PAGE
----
Artboard Created with Sketch. Close Search Dialog
! Error Created with Sketch.

Things Fall Apart

Chinua Achebe
Main Ideas Allusions
Main Ideas Allusions

Chapter Two

Literary

It was deeper and more intimate than the fear of evil and capricious gods and of magic, the fear of the forest, and of the forces of nature, malevolent, red in tooth and claw.

The phrase “red in tooth and claw” is an allusion to the poem “In Memoriam A. H. H.” (1849) by the nineteenth-century British poet Alfred, Lord Tennyson.

Chapter Seven

Religious

In this way the moons and the seasons passed. And then the locusts came.

This is an allusion to the biblical story of the plague of locusts told in the Book of Exodus.

Religious

He heard Ikemefuna cry, “My father, they have killed me!” as he ran towards him. Dazed with fear, Okonkwo drew his machete and cut him down. He was afraid of being thought weak.

This is an allusion to the biblical story of God testing Abraham’s faith by asking him to sacrifice his son, Isaac, as told in the Book of Genesis.

Chapter Sixteen

Religious

He told them . . . [e]vil men and all the heathen who in their blindness bowed to wood and stone were thrown into a fire that burned like palm-oil. But good men who worshipped the true God lived forever in His happy kingdom. “We have been sent . . . so that you may be saved when you die[.]”

This is an allusion to the Christian theological ideas of heaven, hell, and redemption.

Religious

It was a story of brothers who lived in darkness and in fear, ignorant of the love of God. It told of one sheep out on the hills, away from the gates of God and from the tender shepherd’s care.

This is an allusion to the biblical story of Cain and Abel as told in the Book of Genesis.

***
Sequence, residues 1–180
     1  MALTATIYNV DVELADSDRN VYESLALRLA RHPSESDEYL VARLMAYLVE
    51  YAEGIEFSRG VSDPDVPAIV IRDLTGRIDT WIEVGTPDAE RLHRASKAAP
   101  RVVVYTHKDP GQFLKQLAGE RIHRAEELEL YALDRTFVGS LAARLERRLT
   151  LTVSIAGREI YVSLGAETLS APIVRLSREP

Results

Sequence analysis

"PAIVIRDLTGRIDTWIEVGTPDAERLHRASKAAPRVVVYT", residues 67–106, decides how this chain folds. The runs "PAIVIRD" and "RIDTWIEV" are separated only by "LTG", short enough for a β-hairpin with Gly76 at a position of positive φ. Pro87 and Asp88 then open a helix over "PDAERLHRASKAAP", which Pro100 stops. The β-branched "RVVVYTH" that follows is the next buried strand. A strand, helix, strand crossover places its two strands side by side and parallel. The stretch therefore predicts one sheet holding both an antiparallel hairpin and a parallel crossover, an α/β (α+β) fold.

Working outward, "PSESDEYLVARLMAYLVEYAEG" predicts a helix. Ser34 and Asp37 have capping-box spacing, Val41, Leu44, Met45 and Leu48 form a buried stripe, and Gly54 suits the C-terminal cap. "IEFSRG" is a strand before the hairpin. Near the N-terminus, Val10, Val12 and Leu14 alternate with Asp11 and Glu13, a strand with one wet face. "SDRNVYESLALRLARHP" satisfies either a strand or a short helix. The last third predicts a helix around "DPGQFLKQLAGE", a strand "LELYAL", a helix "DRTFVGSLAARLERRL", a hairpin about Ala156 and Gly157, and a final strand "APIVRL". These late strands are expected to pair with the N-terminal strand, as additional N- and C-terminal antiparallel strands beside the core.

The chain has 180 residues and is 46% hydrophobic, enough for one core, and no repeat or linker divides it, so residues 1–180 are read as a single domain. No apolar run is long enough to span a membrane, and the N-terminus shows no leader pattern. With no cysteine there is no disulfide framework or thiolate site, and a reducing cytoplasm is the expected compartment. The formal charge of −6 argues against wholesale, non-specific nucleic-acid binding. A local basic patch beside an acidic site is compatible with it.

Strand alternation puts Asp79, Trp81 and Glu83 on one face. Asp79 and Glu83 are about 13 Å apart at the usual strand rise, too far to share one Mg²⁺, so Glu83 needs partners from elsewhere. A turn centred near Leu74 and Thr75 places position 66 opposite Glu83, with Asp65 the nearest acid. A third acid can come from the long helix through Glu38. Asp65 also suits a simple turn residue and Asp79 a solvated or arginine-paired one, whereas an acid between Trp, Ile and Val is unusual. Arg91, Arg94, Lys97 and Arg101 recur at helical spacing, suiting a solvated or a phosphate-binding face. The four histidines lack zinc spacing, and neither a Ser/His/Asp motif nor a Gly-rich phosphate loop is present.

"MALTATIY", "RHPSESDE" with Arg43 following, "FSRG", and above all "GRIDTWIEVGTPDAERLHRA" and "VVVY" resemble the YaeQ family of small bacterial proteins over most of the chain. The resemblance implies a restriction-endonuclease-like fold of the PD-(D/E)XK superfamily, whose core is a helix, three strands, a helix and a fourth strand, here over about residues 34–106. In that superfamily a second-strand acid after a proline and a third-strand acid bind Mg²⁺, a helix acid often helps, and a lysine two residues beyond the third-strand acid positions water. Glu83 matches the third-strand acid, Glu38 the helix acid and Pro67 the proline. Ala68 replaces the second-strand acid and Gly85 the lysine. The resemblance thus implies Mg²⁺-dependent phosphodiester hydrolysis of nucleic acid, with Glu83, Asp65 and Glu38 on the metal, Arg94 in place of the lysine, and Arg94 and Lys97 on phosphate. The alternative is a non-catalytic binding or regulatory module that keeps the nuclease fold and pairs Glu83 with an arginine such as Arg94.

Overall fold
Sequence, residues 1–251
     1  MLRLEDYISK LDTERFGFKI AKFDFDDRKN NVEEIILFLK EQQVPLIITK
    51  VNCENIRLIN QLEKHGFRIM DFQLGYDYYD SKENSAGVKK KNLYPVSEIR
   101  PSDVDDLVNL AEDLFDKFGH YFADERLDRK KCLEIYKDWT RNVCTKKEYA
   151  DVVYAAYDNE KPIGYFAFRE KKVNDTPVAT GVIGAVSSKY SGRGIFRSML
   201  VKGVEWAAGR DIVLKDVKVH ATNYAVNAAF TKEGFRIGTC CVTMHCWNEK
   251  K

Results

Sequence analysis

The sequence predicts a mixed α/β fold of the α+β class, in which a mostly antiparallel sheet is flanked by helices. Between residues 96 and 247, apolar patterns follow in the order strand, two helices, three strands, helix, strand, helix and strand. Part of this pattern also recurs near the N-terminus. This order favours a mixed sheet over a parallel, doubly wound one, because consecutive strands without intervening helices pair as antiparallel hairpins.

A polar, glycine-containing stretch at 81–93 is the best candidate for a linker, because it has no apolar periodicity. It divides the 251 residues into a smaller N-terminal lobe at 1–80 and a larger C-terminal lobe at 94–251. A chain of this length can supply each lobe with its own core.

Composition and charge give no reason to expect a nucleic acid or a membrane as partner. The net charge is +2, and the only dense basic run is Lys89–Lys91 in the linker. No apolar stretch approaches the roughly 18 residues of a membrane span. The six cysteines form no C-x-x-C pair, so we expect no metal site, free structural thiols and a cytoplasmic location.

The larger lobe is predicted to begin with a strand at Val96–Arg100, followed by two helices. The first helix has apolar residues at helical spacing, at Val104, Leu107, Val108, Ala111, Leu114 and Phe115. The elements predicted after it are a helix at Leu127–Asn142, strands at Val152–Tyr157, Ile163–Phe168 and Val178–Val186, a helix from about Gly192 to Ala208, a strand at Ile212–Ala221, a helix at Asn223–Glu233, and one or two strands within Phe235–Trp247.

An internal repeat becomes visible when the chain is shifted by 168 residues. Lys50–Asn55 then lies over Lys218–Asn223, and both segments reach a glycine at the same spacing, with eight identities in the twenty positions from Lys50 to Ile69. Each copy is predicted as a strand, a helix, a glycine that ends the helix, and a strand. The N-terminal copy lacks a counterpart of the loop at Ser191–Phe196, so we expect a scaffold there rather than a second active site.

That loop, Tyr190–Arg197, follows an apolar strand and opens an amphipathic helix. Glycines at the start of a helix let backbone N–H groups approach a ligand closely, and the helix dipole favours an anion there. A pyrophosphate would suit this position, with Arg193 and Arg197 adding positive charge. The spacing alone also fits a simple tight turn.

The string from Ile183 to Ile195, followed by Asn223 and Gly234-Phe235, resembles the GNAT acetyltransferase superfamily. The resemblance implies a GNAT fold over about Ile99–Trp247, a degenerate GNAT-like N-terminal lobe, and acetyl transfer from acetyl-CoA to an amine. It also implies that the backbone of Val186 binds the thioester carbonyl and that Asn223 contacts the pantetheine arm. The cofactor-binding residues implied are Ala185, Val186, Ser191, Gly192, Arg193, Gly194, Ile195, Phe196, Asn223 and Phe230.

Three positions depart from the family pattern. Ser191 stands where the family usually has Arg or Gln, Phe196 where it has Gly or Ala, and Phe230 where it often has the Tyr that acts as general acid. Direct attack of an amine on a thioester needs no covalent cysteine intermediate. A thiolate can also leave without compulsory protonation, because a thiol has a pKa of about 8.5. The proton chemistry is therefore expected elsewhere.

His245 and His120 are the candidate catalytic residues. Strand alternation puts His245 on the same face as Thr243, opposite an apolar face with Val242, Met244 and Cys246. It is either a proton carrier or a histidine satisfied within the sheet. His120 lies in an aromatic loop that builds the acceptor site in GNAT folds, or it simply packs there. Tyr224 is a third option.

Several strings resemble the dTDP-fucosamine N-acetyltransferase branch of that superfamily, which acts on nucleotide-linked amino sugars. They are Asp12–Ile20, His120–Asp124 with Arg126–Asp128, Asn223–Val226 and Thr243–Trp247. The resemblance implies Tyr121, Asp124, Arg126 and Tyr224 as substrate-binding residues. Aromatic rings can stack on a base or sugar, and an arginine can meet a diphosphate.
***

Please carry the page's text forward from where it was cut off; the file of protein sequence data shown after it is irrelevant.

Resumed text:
Chapter Seventeen

Religious

“Let us give them a portion of the Evil Forest. They boast about victory over death. Let us give them a real battlefield in which to show their victory.”

This is an allusion to the Christian belief in Jesus Christ’s victory over death by sacrificing himself to save humankind, thereby opening the gates of heaven for humans to live an everlasting life.

Chapter Eighteen

Religious

But they have cast you out like lepers.

This is a biblical allusion to the lepers who are healed by Jesus Christ.

Chapter Twenty-One

Religious

He had just sent Okonkwo’s son, Nwoye, who was now called Isaac, to the new training college for teachers in Umuru.

This is a biblical allusion to Abraham’s son, Isaac, who Abraham intended to sacrifice to God in a test of faith.

Chapter Twenty-Two

Religious

He believed in slaying the prophets of Baal.

This is an allusion to the worship of the pagan god Baal described in the Old Testament.

Religious

Enoch had killed an ancestral spirit, and Umuofia was thrown into confusion.

This is an allusion to the biblical story of Cain and Abel in the Old Testament, in which Cain establishes a line of evil in the world by murdering his brother, Abel. Cain’s first son is named Enoch.

Chapter Twenty-Three

Historical/Political

“We have a court of law where we judge cases and administer justice just as it is done in my own country under a great queen.[”]

This is an allusion to Queen Victoria, the reigning head of the British Empire from 1837 to 1901.

Chapter Twenty-Four

Historical/Political

He thought about wars in the past. The noblest, he thought, was the war against Isike.

This is an allusion to Chief Isike, a leader of the Nyamwezi people of Tanzania, who fought against German colonization.